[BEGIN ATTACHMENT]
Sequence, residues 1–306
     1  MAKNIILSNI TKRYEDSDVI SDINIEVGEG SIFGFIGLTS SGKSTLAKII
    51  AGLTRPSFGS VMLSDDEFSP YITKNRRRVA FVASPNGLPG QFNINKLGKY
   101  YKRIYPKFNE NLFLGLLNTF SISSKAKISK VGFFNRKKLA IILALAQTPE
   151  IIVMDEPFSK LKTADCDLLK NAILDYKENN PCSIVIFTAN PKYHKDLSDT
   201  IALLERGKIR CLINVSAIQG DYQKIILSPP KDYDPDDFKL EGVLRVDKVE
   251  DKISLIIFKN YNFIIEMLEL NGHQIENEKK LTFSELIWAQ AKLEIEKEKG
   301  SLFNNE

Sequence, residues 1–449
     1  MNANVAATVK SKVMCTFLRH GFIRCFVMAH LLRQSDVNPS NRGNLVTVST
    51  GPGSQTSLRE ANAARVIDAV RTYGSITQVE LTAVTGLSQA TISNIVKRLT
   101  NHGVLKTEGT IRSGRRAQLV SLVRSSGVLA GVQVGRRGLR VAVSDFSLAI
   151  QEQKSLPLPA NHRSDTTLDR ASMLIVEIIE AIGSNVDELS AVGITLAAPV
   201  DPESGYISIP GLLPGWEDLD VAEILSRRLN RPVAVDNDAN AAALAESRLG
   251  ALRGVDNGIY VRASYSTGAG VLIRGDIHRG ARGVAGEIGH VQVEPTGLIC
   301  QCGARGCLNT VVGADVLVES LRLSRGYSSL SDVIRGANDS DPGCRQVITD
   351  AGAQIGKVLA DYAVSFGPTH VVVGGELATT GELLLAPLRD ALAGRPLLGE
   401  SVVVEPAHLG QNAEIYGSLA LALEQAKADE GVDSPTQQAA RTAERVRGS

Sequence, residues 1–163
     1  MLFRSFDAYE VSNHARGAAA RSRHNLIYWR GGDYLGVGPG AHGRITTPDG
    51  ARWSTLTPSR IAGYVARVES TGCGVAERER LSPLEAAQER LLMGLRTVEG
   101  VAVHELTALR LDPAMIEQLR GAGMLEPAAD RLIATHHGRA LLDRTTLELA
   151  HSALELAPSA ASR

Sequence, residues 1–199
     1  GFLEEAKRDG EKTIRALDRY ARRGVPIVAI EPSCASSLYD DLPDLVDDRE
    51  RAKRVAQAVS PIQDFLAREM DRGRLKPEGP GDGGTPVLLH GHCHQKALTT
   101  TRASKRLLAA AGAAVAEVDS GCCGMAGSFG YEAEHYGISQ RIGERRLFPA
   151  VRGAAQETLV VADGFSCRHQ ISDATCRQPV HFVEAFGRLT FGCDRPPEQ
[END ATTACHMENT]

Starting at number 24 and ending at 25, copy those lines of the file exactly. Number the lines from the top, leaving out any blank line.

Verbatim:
Sequence, residues 1–199
     1  GFLEEAKRDG EKTIRALDRY ARRGVPIVAI EPSCASSLYD DLPDLVDDRE